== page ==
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This tutorial will cover the basics of a Southern American accent of English. It’s undoubtedly one of the most requested, and therefore most valuable, accents American actors can have in their repertoire. This beginner’s guide is meant to serve as a simple jumping off point in your exploration of the accent. But before we begin, let's first explore the history of the accent.


First, let’s define exactly what we mean by “Southern”. Generally, boundaries of the Southern U.S. include Texas, Arkansas, Louisiana, Mississippi, Alabama, Tennessee, Kentucky, Virginia, North and South Carolina, and Georgia. To a lesser extent, speakers with a Southern accent can be found in Florida, West Virginia, Missouri, New Mexico, and Oklahoma. 

Historically, many distinct Southern dialects existed in the U.S., which were widely affected by British, Irish, and Scottish immigrants in the 17th and 18th centuries, as well as enslaved African-Americans. It should be noted, many Black Americans speak with a version of African-American Vernacular English (AAVE), which shares many common features with a Southern accent. Over time, the Southern accent naturally consolidated into a more cohesive sound, though there are still a wide variety of region specific dialects, such as Appalachian English and Cajun English.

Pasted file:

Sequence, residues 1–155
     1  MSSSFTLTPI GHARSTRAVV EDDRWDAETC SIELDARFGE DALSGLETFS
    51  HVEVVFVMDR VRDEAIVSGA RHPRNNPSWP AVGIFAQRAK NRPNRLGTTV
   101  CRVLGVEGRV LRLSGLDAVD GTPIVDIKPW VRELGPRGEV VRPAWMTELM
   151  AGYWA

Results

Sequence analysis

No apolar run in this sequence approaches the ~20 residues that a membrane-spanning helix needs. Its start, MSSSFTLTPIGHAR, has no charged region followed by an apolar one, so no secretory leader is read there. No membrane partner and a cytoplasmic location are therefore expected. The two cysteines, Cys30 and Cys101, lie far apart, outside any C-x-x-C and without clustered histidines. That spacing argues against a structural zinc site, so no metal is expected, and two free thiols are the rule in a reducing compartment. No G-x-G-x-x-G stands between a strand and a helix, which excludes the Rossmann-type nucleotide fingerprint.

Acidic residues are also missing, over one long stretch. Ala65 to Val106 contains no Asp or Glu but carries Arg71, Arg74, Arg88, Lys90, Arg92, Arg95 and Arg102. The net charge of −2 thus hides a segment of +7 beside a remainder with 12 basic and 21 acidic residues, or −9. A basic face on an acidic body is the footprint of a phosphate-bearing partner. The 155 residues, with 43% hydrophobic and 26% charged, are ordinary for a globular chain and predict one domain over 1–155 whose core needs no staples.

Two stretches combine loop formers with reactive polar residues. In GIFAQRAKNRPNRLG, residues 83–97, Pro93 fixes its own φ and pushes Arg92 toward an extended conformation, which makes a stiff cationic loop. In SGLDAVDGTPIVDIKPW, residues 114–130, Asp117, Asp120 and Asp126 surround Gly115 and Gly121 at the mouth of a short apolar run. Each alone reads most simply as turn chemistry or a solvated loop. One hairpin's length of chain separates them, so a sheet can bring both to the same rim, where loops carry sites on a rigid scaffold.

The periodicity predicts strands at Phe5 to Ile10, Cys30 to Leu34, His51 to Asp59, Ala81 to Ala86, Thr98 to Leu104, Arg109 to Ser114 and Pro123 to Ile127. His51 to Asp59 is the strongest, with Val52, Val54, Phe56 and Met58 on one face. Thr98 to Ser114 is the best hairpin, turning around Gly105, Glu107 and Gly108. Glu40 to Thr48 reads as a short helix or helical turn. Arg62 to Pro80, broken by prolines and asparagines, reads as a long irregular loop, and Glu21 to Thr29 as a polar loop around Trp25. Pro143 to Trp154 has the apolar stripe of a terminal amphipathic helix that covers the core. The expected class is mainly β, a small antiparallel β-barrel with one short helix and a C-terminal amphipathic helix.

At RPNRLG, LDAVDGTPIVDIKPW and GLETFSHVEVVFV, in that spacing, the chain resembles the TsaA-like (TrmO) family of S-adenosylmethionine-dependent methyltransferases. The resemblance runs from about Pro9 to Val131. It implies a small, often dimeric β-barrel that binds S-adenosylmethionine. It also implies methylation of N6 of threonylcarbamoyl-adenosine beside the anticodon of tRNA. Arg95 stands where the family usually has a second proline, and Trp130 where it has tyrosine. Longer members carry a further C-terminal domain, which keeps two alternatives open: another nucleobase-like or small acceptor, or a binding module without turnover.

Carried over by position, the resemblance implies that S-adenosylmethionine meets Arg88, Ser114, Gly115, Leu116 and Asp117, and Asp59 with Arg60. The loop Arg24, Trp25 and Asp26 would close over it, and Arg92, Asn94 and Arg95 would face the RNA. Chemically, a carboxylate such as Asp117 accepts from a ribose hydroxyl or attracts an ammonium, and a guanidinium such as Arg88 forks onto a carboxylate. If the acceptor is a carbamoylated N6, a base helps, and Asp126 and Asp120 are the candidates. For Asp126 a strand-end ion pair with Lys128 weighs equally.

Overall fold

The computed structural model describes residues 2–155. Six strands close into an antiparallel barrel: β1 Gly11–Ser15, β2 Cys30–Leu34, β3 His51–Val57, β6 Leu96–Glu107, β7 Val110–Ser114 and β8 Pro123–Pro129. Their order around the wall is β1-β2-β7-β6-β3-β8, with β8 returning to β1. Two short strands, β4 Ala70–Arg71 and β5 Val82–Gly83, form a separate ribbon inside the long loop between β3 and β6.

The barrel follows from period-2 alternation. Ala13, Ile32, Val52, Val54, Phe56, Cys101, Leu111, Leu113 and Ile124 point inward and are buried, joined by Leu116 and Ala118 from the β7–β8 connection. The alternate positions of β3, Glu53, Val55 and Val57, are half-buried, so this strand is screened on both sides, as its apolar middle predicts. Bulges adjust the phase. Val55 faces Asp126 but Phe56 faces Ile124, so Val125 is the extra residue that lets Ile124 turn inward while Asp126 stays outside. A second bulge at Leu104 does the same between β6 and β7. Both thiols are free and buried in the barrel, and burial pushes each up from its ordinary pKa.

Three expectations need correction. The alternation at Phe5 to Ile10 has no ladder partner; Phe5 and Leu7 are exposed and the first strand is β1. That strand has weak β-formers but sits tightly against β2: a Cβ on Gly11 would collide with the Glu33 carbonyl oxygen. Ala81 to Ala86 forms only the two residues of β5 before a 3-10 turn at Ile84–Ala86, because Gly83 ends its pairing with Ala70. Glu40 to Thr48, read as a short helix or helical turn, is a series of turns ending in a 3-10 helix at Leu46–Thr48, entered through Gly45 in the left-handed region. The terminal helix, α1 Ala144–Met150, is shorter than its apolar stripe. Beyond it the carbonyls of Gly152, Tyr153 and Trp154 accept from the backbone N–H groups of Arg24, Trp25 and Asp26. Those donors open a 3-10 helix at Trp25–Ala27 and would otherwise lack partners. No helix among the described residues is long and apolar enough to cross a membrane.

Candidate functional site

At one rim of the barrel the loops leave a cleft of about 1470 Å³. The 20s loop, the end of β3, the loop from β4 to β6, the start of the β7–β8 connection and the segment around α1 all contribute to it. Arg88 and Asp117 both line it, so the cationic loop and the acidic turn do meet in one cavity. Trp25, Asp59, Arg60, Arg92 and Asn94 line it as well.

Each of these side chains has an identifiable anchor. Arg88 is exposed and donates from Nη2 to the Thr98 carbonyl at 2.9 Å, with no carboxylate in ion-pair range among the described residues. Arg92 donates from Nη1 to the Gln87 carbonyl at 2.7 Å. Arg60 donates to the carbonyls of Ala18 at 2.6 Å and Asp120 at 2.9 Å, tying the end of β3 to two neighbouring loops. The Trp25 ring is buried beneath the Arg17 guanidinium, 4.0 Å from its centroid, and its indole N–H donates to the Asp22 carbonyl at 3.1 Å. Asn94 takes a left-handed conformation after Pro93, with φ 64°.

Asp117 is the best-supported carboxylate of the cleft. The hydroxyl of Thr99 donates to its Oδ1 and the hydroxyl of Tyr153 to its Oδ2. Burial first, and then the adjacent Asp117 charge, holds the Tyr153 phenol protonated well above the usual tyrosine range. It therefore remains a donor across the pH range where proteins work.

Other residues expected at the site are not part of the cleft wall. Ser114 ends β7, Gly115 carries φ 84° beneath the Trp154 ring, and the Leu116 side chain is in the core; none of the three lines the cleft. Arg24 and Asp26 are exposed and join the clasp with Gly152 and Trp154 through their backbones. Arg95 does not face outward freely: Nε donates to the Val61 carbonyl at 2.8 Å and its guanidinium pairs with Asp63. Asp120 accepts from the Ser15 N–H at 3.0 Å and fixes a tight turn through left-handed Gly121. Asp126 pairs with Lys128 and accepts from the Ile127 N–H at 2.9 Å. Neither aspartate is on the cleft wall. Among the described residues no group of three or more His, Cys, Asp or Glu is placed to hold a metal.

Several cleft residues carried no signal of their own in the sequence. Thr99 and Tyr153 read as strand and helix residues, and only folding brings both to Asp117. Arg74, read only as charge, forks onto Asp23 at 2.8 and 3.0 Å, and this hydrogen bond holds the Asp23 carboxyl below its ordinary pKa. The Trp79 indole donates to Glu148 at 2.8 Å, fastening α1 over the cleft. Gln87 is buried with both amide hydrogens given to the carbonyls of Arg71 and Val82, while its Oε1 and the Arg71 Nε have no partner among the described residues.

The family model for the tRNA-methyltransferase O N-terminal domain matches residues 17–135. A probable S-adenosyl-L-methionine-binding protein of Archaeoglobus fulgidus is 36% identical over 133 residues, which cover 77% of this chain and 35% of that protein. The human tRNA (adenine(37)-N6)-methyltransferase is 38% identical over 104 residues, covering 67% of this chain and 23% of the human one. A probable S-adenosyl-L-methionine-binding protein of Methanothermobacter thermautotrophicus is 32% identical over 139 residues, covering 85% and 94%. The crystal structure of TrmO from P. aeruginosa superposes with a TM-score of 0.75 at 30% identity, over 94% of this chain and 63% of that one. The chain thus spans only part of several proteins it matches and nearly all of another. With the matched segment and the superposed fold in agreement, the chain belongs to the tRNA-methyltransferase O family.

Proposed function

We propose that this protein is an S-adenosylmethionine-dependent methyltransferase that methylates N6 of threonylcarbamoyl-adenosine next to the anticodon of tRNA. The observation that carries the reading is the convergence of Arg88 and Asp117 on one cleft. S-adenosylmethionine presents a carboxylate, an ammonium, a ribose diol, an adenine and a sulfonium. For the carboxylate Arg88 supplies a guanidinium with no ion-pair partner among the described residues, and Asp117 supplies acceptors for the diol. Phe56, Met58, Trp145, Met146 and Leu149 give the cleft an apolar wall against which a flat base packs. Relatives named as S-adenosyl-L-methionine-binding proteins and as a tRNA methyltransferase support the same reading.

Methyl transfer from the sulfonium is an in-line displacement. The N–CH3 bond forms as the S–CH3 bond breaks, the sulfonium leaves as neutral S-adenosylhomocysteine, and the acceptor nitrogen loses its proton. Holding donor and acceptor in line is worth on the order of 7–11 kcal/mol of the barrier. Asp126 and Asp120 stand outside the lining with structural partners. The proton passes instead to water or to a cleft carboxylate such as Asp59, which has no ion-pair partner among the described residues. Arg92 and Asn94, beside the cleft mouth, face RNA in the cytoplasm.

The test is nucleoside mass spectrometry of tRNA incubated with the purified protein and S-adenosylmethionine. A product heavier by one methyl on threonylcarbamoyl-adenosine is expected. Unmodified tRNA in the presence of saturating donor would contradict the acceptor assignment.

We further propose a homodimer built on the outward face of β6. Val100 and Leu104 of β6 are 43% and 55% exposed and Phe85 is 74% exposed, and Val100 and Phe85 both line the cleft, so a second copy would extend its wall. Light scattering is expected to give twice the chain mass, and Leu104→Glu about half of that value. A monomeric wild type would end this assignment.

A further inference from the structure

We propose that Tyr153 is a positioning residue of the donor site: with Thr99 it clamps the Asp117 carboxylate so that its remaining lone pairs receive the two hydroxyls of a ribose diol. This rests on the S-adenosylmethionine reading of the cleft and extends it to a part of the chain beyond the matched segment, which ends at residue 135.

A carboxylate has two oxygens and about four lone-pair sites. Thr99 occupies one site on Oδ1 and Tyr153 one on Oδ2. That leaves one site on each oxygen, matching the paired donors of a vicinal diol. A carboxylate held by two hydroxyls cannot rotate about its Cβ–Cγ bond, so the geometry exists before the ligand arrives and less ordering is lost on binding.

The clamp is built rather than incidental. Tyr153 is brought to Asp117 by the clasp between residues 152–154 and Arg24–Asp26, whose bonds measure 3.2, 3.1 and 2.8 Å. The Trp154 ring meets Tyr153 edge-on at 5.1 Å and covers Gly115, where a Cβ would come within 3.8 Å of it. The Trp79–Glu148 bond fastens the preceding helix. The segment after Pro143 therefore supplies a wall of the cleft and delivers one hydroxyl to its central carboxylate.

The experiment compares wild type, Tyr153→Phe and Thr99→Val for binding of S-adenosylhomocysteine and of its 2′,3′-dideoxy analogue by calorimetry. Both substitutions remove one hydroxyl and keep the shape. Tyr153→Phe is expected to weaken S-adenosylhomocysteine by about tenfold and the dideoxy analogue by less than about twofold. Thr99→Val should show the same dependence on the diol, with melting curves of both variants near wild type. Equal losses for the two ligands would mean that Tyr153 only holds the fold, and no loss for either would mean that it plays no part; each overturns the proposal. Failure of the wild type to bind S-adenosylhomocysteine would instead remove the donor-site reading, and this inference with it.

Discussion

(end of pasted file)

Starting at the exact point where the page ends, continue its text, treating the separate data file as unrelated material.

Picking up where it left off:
The amount of people who naturally speak with a Southern accent is steadily declining in modern times, however it remains an important accent for performers due to the large number of roles requiring some version of it. It’s also important to acknowledge the difference between a classic “Old South” version of the dialect, which is easily identifiable due to its lack of rhoticity, or pronunciation of final R sounds. 

Regardless of region, there are many distinct sounds that are pervasive throughout the South. Those common sounds will be the focus of this tutorial. As an actor, you can easily use the accent outlined in this guide for general auditioning purposes; but as with any accent, once you learn more about your character’s background, it’s generally a good idea to further investigate the specific sound shifts of their home region.

As we explore the unique sound shifts of a Southern Accent, remember that we are comparing these sounds to the Standard American Accent. If you have a different natural accent, further comparison of these sounds to your natural accent may be required.


1) [ɛ] as in THEM shifts to [ɪ] as in KIT when preceding the nasal consonants <M> or <N> in spelling.

It ended when twenty of them were sent home.

Tip: This linguistic feature is called the “pin-pen” merger, as in this accent the two words are pronounced the same.

2) [ɪ] as in KIT may have a noticeable drawl, stretching the vowel towards /EE.uh/ [iə̆].

I saw six images of the big ship.

Tip: The vowel may feel slower and like it’s gliding to a weaker position, try it out in slow motion, gradually speeding up: /EE.uh/

3) [æ] as in TRAP may also drawl, almost towards /AA.yuh/ [æɪ̆ə̆].

The fat cat had a bath and danced.

Tip: As with the previous rule, this vowel may feel like a slower glide.

4) The stressed sound [ʌ] as in STRUT may rise towards a stretched [ʊː] as in FOOT.

My brother stumbled into a clump of shrubs above us.

Tip: Careful not to overdo this sound shift, as it can sound a little stereotypical.

5) The two-part vowel [aɪ̆] as in PRICE may lose the offglide, resulting in /ah/ [a].

My fine key lime pie was dry.

Tip: On its own, this vowel may sound like a breathy sigh.

6) The two-part vowel [ɔɪ̆] as in CHOICE may have a more neutral offglide, resulting in /OH.uh/ [ɔə̆].